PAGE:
Spirits and Eaux de Vie
We are old enough to recall the days when we would find old Perrier bottles full of home-made 'hooch' secreted among the inner cartons of a newly-shipped pallet of wine. It wasn't just a case of winemakers rewarding us for our business but as wanting to get one over on the customs officials to whom they had a long-standing aversion.
Happily, all the spirits featured here have been shipped officially and bear the import labels to prove it, although we do miss the rebel ésprit of yesteryear when any self-respecting artisan would relish the opportunity to stick it to 'the man'.
The Bunan family are proud owners of an antique, wood-fired pot still which they use to make their characterful marcs from spent grape skins. The 'Blanche de Marc' sees no wood and is crystal clear and is designed to be enjoyed chilled as an aromatic pre-prandial 'sharpener'. Its 'Vieux Marc Égrappé' stablemate is aged in oak barrels giving it a tawny hue and was famously described by Jean-Claude Izzo as being "...dry but extremely fruity, smelling of scrubland" in the final instalment of his 'Marseilles Trilogy' Soléa.
The Déche family, based near Éauze, are also producers of decadent distillates. Their brilliant Bas Armagnac is made from Baco in a wood-fired still and then aged in 400 litre oak piéces to gain colour and complexity. As a general rule the older the Armagnac the richer and more evolved it is, so for fruit and fire invest in a younger bottling but for mellow harmony an older version is best.
Maison Monteru dates back to the late 18th Century, in Pons in the heart of cognac country, and specialises in making batch bottling of single grape variety brandies. Their 'Folle Blanche' is raised in French and American barrels for 3 years prior to bottling imparting diverse spice, grilled nut and baked brioche characteristics.
Our popular 'Poire William' is produced by Masion Joannes Colombier in Vilette-de-Vienne on the outskirts of Lyon. Made from Williams pears, which give wonderful orchard fruit aromas and favours, it is traditionally served chilled as a palate-cleansing digestif. Those wanting to impress dinner guests might like the 70 centilitre version that includes a whole pear inside the bottle.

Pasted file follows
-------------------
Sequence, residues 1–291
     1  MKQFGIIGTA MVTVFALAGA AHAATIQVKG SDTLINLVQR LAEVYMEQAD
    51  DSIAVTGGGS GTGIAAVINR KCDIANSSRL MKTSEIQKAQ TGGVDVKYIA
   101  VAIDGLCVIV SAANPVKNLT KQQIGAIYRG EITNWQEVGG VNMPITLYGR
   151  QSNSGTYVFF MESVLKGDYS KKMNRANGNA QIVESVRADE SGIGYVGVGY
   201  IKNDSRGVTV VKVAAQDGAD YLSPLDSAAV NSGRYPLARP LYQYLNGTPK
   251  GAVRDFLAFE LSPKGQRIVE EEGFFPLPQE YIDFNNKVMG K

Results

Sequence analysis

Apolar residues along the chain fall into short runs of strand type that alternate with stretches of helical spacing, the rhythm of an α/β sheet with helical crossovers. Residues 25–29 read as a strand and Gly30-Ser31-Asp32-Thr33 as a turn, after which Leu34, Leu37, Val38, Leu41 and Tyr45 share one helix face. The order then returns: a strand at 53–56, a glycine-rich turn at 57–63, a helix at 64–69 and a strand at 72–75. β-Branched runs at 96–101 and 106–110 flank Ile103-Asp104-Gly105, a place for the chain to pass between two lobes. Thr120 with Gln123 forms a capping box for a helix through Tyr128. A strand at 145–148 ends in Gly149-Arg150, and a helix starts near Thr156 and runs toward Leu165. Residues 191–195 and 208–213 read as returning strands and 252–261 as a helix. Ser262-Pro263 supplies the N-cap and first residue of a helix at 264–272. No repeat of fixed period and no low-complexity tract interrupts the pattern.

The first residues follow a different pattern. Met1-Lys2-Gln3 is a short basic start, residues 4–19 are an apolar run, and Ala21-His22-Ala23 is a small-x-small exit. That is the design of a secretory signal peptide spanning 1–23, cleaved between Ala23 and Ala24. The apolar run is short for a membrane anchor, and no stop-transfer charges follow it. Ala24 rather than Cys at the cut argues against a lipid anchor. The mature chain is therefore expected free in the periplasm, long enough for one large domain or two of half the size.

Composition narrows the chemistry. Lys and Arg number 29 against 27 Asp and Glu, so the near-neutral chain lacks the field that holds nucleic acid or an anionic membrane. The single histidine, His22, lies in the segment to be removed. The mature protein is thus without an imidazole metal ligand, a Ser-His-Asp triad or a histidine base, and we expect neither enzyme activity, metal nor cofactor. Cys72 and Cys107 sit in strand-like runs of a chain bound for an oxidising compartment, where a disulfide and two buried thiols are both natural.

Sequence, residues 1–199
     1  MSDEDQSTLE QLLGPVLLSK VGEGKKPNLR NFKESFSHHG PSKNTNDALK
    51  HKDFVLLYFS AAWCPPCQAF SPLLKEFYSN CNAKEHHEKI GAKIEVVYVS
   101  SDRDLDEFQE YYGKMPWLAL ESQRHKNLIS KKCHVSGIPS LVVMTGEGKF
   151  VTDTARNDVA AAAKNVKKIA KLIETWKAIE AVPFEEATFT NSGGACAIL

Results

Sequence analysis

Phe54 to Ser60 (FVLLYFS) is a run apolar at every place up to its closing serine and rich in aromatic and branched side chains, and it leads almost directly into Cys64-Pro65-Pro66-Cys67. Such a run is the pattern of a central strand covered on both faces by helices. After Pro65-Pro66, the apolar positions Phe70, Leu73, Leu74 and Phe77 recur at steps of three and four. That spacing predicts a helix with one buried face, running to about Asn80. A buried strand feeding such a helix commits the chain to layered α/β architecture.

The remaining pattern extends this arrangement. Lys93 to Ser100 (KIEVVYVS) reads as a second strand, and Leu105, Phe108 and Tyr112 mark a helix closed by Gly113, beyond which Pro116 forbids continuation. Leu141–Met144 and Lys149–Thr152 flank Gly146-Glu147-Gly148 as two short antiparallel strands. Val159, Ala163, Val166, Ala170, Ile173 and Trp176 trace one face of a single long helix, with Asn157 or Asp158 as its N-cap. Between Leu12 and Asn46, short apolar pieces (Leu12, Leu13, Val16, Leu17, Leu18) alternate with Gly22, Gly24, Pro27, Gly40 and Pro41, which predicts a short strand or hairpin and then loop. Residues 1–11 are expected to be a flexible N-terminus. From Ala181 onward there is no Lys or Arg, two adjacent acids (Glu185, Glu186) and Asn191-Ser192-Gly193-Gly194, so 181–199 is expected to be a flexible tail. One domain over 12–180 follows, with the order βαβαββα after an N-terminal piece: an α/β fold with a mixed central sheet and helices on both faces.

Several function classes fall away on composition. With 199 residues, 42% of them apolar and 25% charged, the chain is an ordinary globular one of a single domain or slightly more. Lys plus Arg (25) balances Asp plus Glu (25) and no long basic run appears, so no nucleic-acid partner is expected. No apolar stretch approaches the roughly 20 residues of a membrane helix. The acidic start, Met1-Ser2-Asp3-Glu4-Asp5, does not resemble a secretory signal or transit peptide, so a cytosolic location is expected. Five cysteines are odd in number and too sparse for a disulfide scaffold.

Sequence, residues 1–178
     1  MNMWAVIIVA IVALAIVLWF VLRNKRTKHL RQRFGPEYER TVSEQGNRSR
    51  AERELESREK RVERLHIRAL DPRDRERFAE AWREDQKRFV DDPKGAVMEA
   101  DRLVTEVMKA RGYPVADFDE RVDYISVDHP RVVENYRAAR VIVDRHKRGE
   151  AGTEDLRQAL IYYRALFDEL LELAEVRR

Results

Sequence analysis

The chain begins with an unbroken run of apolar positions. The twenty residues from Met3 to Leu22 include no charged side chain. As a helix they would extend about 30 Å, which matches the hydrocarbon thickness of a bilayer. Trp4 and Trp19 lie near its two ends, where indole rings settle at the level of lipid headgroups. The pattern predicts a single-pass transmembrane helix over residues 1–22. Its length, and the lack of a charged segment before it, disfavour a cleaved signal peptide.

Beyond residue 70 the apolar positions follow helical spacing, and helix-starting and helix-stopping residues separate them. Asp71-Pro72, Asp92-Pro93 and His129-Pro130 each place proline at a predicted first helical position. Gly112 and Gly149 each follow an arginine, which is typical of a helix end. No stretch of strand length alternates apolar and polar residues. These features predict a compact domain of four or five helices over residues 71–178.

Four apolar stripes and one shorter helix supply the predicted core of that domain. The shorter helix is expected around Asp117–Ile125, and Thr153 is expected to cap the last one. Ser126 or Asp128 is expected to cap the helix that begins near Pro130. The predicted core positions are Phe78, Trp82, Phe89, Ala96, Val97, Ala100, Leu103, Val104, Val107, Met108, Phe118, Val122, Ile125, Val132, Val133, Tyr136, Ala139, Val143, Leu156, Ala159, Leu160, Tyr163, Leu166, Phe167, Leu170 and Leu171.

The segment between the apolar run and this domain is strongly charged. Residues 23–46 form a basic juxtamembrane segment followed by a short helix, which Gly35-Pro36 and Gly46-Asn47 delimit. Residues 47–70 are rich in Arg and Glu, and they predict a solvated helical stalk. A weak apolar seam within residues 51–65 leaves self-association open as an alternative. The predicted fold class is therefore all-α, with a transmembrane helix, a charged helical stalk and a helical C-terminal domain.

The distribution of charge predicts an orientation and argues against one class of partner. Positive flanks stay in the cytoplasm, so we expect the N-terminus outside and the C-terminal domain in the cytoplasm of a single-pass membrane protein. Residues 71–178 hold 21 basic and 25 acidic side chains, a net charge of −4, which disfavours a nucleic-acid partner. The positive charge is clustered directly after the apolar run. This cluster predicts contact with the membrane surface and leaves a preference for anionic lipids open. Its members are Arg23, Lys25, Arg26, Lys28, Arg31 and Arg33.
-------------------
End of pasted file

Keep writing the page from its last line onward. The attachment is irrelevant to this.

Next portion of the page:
Our friend Marc Beyer is renowned for producing superb still wines at his headquarters in Eguisheim but also makes some magnificent Eaux de Vies, which enjoy an international following. His 'Mirabelle' bottling is redolent of ripe yellow plums and makes a fine footnote to any gastronomic gathering.
Brighton Gin boasts orange peel as one of its key botanicals so is usually served with a slice of orange rather than the more mainstream lemon. With uplifting scents of juniper and milk thistle it makes for a great 'G and T' or négroni.
Julian Temperley makes distinctive Cider Brandy from traditional varieties of apple grown on the Somerset Levels. The Five Year-old version is rich and fruity with warming spicy undertones and is the perfect pick-me-up after a long, rainy walk with dogs in tow.
New to this list are the specialist, 'small batch' whiskey and whiskies produced by Gilles Dumangin in his Champagne cellars at Chigny-les-Roses on the Montagne de Reims. Opening the range is a 'Single Malt' Welsh whisky, distilled in Penderyn at the foot of the Brecon Beacons. It has a deep red colour, hints of coconut and baking spice and a smooth fruity finish. A Dutch 'rye whisky', distilled in Zuidham and then finished in Ratafia casks in France, has a pale robe and notes of dried fruit and nuts on its complex multi-layered palate. Rounding off the selection is an American 'Bourbon' with a high (28.5%) rye content. Pale and smooth with a great length and mouth feel it makes a decadent digestif or 'sun downer'.